Holding employers responsible for reasonable accommodations

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Posted by Legal Team On September 18, 2015

If you are a disabled individual, you have likely heard the phrase reasonable accommodation in regards to your right to work. There are federal and California state laws in place that are designed to ensure that disabled individuals are still able to work and become productive members of society. The laws do this in various ways, one of which is prohibiting companies from discriminating in their hiring practices. Another way is by ensuring that companies allow their employees to perform the functions of their jobs.

Many job postings list the physical requirements of performing a job, but for some jobs or companies, disabled individuals could perform the work if only some minor accommodations were made. For example, if a business has no ramps, then it will be impossible for an individual in a wheelchair to get into the building. However, there may be many jobs within the building that individuals in wheelchairs could perform if only they could get in. In this instance, the construction of ramps might be considered a reasonable accommodation that an employer could make in order to offer employment to a disabled individual.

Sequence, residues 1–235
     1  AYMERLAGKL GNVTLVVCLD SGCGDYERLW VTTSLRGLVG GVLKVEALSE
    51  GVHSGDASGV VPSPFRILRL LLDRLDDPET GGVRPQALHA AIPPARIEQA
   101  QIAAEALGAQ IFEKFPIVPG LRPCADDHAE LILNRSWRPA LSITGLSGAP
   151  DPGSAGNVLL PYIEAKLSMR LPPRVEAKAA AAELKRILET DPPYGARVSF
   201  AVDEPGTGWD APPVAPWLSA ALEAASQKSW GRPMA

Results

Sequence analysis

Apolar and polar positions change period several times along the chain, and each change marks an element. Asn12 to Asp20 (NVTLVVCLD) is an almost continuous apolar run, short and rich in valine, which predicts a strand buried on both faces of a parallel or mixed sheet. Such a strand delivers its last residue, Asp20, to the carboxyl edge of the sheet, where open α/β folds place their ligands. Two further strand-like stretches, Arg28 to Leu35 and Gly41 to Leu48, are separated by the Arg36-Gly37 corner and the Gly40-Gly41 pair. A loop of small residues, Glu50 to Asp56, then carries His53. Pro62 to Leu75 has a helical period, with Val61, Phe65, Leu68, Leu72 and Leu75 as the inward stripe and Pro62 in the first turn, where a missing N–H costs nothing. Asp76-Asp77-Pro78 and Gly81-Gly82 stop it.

If an employer does not make a reasonable accommodation, then the disabled individual who was unable to work could file a discrimination lawsuit against the company. There are many things that could qualify as failure to accommodate, including allowance for medical appointments or flexible work hours.

However, it is important to remember that there are some accommodations that may not be considered reasonable, and thus employers would not have to make them. If you believe that your right to work has been limited by an employer’s failure to accommodate, visit our Web page to learn more about what accommodations are considered reasonable. While there, you can learn how we can help you with a disability discrimination claim in California.